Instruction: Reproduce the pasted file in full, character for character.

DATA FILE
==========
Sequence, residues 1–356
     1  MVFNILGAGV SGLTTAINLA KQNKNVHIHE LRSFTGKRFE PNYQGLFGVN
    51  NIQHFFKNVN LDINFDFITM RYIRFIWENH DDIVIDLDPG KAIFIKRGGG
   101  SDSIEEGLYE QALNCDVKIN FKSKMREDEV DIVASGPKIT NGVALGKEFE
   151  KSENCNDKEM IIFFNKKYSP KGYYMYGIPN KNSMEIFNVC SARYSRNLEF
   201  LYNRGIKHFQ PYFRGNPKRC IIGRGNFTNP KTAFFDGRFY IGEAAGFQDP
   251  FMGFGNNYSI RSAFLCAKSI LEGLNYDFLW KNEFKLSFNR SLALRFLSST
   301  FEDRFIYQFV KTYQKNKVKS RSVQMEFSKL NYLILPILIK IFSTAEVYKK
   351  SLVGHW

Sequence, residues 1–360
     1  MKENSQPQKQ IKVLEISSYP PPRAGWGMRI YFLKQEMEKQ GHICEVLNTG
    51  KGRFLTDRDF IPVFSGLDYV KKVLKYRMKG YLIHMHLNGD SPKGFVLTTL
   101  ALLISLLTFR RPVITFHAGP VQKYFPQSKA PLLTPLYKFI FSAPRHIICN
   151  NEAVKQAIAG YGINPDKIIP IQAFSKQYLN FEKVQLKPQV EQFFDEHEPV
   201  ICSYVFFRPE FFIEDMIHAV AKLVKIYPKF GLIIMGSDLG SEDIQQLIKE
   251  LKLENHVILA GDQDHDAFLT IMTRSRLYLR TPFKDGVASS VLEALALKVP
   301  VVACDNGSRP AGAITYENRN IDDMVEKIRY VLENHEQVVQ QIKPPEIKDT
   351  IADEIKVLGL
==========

Sequence, residues 1–356
     1  MVFNILGAGV SGLTTAINLA KQNKNVHIHE LRSFTGKRFE PNYQGLFGVN
    51  NIQHFFKNVN LDINFDFITM RYIRFIWENH DDIVIDLDPG KAIFIKRGGG
   101  SDSIEEGLYE QALNCDVKIN FKSKMREDEV DIVASGPKIT NGVALGKEFE
   151  KSENCNDKEM IIFFNKKYSP KGYYMYGIPN KNSMEIFNVC SARYSRNLEF
   201  LYNRGIKHFQ PYFRGNPKRC IIGRGNFTNP KTAFFDGRFY IGEAAGFQDP
   251  FMGFGNNYSI RSAFLCAKSI LEGLNYDFLW KNEFKLSFNR SLALRFLSST
   301  FEDRFIYQFV KTYQKNKVKS RSVQMEFSKL NYLILPILIK IFSTAEVYKK
   351  SLVGHW

Sequence, residues 1–360
     1  MKENSQPQKQ IKVLEISSYP PPRAGWGMRI YFLKQEMEKQ GHICEVLNTG
    51  KGRFLTDRDF IPVFSGLDYV KKVLKYRMKG YLIHMHLNGD SPKGFVLTTL
   101  ALLISLLTFR RPVITFHAGP VQKYFPQSKA PLLTPLYKFI FSAPRHIICN
   151  NEAVKQAIAG YGINPDKIIP IQAFSKQYLN FEKVQLKPQV EQFFDEHEPV
   201  ICSYVFFRPE FFIEDMIHAV AKLVKIYPKF GLIIMGSDLG SEDIQQLIKE
   251  LKLENHVILA GDQDHDAFLT IMTRSRLYLR TPFKDGVASS VLEALALKVP
   301  VVACDNGSRP AGAITYENRN IDDMVEKIRY VLENHEQVVQ QIKPPEIKDT
   351  IADEIKVLGL